* Studying Pluto expansion of up to 1.5 mln tonnes a year
* Expansion could involve Scarborough gas
* Talks with Myanmar on gas development terms “well advanced” (Adds CEO comments)
By Sonali Paul
MELBOURNE, Jan 18 (Reuters) - Woodside Petroleum expects to reveal plans for expanding its prized Pluto LNG project and connecting it to the North West Shelf LNG complex soon, its chief executive, Peter Coleman, said on Thursday.
Talks with the owners of the Scarborough gas resource off Western Australia, led by ExxonMobil Corp, as well as drilling of an exploration well, Ferrand-A, around March, and other tie-ins could help underpin the expansion, Coleman told Reuters in an interview.
“We’re even more positive on expansion today than we were 12 months ago,” Coleman said.
Some analysts had speculated that recent drilling disappointment on Woodside’s Swell exploration well could limit any expansion.
Woodside said in its December quarter report on Thursday that it has looked at a range of options for expanding Pluto LNG by up to 1.5 million tonnes a year.
The plant, 90 percent owned by Woodside, produced at a rate of 5.1 mtpa in the final quarter of 2017 and accounted for nearly half the company’s annual revenue.
Pluto, Wheatstone - run by Chevron Corp - and the North West Shelf, Australia’s biggest LNG plant - run by Woodside - are all candidates for processing gas from a number of undeveloped assets off Western Australia, either for expansions or for supplying gas when their existing fields dry up.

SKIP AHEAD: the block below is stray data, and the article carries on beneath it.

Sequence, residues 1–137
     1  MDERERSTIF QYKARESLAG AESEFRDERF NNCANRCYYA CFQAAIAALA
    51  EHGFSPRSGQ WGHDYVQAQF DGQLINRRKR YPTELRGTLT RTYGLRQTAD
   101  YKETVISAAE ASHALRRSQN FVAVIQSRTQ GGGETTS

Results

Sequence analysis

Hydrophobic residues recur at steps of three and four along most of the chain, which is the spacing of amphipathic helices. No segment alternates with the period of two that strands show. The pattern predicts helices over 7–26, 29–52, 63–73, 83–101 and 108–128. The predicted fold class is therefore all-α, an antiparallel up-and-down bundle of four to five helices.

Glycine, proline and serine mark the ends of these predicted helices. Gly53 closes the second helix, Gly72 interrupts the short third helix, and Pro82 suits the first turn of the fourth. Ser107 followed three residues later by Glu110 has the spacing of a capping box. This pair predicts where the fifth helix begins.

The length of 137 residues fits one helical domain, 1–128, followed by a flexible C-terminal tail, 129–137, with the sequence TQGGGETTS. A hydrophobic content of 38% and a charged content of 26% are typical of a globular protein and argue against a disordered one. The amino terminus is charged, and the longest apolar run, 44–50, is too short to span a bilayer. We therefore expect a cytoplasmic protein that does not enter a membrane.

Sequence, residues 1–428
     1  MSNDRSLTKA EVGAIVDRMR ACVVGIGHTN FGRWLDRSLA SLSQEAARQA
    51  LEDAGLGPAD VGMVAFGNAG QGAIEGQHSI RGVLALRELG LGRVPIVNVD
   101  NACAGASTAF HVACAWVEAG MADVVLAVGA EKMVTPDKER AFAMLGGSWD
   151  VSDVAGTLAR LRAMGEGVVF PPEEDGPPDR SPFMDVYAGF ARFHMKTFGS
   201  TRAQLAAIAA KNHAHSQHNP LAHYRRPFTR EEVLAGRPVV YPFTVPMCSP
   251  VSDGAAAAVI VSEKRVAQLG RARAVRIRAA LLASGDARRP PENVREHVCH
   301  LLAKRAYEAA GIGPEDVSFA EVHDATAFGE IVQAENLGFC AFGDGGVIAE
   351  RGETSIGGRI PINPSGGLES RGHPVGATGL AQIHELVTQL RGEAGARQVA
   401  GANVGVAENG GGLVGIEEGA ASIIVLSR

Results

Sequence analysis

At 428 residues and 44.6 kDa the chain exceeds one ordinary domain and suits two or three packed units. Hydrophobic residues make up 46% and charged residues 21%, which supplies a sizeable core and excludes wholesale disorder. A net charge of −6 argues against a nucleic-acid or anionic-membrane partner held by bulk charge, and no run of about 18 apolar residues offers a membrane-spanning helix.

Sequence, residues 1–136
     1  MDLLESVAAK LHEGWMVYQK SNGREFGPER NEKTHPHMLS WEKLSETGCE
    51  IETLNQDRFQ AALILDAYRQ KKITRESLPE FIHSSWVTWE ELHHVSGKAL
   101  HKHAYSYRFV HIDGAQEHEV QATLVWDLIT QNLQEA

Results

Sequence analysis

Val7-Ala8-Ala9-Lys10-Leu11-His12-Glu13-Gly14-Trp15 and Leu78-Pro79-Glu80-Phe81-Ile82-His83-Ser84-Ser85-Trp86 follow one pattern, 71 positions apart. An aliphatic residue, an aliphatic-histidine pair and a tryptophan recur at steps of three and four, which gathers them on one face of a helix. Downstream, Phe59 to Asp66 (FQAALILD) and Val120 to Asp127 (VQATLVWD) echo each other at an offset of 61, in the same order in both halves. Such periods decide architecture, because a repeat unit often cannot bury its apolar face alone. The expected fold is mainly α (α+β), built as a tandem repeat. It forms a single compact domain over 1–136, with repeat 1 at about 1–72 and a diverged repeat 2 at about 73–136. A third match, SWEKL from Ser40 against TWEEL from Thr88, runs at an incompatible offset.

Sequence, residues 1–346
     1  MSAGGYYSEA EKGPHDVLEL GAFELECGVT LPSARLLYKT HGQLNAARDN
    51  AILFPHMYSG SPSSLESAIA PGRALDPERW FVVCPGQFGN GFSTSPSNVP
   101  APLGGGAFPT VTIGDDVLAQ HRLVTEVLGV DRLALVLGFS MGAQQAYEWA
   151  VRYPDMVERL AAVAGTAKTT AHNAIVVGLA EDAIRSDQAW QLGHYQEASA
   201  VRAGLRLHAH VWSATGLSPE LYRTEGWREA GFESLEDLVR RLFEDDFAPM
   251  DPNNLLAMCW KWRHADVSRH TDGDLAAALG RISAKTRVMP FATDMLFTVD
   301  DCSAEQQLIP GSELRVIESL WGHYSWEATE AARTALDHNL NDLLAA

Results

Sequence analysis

“Any expansion for us at the moment, we see Pluto as being very well suited to at this point in the market,” Coleman said.
Woodside is still targeting growth in Myanmar, where it discovered gas last year and expects to drill three wells this year, starting around March or April, even amid a humanitarian crisis involving Rohingya refugees.
One of the wells will be off the troubled state of Rakhine, where it co-owns acreage with China’s CNPC International .
Woodside is in “well advanced” talks with the government on fiscal terms for developing its discoveries in its southern hub off Myanmar, including development concepts and pricing of gas needed to underpin the development.
“I would hope that’s resolved in the first half of this year,” Coleman said.
He said he was pleased the Myanmar government had agreed to start allowing Rohingya refugees to return from Bangladesh and added that Myanmar needed more time to adjust after being isolated from the rest of the world for 60 years.
“We need to help them through it,” Coleman said.
Reporting by Sonali Paul; editing by Richard Pullin